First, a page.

Around 500,000 households in Australia’s south-eastern state of Victoria are without electricity after the country’s biggest coal-fired power plant went offline amid severe storms.

Australia’s biggest electricity generator AGL Energy’s Loy Yang A power station, responsible for around a third of the state’s power, was forced to shut down on Tuesday afternoon local time after several towers along a major section of the grid network near Anakie, north of Geelong, collapsed during extreme weather.

The failure has resulted in 2.3GW of generation being halted, with more than 1GW of load interrupted. It is expected that the plant’s Unit 1 will remain offline, but units 2, 3 and 4 will be brought back online throughout the evening in line with safety protocols.

Victoria’s Energy Minister Lily D’Ambrosio confirmed on X, formerly Twitter, that approximately 500,000 households were without power late on Tuesday afternoon, but said later that around 50,000 customers had been reconnected since the initial blackout.

“Power line companies will work through the night to assess damage to sub transmission lines, zone substations and feeders. We hope to see more customers reconnected overnight with priority given to power-dependent customers,” she said, also warning people to “stay clear of fallen power lines and follow the instructions of emergency services”.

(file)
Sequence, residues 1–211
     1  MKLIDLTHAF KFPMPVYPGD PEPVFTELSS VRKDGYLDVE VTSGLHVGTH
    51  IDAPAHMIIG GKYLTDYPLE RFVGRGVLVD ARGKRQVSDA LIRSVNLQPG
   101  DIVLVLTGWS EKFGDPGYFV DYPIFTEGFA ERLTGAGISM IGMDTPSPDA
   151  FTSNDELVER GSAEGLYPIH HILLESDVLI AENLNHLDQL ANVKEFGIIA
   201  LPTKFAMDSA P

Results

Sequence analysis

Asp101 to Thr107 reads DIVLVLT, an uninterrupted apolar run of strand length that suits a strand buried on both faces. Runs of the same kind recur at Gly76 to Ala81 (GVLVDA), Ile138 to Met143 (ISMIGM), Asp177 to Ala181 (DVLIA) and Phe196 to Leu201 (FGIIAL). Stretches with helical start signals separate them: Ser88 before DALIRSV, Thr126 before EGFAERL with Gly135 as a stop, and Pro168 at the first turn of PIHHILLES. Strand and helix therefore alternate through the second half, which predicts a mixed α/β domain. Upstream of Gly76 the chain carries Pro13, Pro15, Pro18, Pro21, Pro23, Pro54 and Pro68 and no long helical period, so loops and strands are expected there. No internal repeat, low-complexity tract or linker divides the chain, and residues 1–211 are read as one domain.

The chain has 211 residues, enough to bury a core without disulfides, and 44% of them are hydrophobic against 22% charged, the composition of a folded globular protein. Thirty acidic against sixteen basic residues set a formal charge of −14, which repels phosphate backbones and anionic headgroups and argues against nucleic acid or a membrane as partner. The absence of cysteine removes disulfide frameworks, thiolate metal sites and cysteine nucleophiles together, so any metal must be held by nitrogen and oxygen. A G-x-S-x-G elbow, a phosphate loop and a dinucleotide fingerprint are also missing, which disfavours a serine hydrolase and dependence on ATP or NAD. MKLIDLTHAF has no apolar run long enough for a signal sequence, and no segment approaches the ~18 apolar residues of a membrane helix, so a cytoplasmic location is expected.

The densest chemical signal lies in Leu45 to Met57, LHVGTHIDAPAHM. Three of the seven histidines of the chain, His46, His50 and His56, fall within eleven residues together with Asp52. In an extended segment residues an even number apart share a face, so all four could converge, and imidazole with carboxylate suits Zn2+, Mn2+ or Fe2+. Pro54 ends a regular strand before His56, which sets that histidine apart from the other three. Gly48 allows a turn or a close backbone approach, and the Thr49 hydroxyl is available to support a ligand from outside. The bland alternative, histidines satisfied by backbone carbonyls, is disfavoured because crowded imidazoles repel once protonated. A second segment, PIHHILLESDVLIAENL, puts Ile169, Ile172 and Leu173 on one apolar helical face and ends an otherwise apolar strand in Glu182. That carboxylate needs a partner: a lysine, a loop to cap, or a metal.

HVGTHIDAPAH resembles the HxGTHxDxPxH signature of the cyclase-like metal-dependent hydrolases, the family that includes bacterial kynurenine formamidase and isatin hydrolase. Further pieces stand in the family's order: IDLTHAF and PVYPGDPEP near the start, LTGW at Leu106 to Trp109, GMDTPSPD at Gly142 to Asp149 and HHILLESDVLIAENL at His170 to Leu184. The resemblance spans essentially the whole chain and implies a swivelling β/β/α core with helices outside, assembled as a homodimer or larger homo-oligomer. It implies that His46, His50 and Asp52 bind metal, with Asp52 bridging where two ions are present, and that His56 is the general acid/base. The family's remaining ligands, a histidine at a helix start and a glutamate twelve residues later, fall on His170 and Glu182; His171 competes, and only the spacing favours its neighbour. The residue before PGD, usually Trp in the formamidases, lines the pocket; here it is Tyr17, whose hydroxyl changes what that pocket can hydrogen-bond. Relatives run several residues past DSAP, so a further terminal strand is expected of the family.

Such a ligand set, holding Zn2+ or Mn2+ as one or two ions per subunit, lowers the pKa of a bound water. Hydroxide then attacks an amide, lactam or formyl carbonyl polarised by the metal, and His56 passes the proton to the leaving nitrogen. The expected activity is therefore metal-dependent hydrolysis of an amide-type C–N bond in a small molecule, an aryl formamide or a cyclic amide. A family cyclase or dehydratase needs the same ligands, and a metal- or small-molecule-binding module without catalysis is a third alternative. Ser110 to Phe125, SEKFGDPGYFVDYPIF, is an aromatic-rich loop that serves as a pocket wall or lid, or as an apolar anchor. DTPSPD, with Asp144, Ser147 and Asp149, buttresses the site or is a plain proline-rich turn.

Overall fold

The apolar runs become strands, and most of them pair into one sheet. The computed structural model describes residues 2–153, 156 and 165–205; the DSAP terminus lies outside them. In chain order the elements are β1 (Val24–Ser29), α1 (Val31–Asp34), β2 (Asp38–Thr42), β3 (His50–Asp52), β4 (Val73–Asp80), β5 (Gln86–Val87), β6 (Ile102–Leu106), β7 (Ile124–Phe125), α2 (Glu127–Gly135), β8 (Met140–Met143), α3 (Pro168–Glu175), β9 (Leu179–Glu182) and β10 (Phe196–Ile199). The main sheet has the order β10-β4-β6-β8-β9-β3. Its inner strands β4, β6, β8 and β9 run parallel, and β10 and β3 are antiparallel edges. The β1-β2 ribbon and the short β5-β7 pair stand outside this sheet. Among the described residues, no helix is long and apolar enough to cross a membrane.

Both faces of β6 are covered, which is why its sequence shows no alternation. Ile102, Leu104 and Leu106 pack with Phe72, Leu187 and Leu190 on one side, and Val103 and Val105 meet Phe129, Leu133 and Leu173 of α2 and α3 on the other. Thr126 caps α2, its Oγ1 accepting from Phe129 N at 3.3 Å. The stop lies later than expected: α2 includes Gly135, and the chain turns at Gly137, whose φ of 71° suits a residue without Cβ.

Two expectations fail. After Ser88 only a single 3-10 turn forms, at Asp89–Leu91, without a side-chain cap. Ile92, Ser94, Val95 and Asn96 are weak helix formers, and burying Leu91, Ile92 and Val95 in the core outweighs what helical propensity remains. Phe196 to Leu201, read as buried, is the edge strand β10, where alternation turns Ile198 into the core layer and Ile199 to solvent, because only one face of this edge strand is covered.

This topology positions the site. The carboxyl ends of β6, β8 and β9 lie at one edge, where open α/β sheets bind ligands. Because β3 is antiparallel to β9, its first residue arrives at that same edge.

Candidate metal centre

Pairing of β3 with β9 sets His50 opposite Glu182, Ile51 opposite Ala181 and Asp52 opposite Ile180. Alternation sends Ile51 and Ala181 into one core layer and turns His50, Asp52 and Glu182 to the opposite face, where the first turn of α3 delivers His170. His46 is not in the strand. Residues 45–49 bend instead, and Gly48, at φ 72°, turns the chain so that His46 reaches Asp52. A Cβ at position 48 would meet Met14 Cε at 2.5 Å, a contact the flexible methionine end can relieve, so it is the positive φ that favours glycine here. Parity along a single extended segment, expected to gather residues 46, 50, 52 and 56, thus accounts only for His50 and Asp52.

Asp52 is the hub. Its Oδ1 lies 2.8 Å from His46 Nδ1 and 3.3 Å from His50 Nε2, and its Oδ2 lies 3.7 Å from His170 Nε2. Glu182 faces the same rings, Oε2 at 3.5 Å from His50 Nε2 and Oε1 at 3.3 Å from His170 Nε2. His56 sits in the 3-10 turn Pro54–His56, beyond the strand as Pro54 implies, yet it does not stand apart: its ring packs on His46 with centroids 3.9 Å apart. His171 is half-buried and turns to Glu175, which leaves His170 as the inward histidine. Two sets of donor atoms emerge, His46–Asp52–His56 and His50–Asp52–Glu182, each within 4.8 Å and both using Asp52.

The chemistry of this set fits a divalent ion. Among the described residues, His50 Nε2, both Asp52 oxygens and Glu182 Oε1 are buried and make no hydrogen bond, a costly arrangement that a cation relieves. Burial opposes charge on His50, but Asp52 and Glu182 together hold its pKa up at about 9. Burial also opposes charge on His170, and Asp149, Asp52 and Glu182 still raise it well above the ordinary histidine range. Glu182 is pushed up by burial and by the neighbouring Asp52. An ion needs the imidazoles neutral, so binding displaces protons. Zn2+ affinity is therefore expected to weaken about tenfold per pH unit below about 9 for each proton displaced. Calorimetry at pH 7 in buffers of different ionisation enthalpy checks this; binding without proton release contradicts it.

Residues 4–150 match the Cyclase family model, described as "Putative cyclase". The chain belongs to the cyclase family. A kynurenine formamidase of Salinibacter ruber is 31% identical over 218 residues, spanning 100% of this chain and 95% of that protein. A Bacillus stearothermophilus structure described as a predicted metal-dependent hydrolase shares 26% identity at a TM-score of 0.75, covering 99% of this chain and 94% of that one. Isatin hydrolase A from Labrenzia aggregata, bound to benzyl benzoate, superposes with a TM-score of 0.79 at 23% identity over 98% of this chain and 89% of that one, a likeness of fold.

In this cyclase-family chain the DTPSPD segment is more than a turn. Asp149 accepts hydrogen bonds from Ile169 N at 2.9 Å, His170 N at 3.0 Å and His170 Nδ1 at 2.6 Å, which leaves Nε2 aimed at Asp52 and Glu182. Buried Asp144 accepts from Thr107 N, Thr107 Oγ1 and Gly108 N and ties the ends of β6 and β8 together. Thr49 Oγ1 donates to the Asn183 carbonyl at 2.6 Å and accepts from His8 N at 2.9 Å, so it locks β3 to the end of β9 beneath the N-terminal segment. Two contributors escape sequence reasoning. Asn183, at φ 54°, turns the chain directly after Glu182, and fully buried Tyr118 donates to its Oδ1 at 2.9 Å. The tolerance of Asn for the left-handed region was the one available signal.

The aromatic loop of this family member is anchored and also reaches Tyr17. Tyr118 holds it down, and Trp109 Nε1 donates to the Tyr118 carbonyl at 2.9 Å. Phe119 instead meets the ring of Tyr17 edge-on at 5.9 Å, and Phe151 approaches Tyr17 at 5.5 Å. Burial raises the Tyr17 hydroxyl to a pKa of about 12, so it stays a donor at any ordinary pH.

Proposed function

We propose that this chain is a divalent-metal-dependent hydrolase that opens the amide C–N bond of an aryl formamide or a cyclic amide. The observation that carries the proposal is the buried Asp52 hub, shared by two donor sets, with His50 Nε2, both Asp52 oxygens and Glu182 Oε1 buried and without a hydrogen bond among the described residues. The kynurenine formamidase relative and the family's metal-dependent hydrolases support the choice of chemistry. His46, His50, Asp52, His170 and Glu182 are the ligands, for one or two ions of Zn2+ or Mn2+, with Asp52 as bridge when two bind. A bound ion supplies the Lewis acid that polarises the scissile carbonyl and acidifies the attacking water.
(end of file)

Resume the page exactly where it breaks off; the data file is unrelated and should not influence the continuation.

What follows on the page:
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By GlobalData

A spokesperson for the state’s Department of Energy, Environment and Climate Action, said in a statement early today: “Extreme weather has resulted in the physical collapse of six transmission towers near Anakie this afternoon, leading to widespread power outages across the state… Currently more than 530,000 customers are off power,” but amended this to 470,000 in a later statement.

“The Loy Yang A power station is in the process of being reconnected to the grid, and the number of power outages are expected to fall throughout the evening,” it added. “In areas with localised power outages impacted by the storm, crews are actively working to restore power to these areas, clearing vegetation to make the areas safe before replacing poles and mending fallen powerlines.”

The storm brought heavy hail and strong winds to Victoria and saw the temperature rapidly drop by 15°C. The severe conditions have also wreaked havoc on the state’s public transport system, with half of Melbourne’s 16 train lines either partly or fully suspended.

Public Transport Victoria warned passengers should allow extra time for their journey or defer travel plans, and “consider alternative travel plans, such as altering your departure time, or using a different mode of public transport”.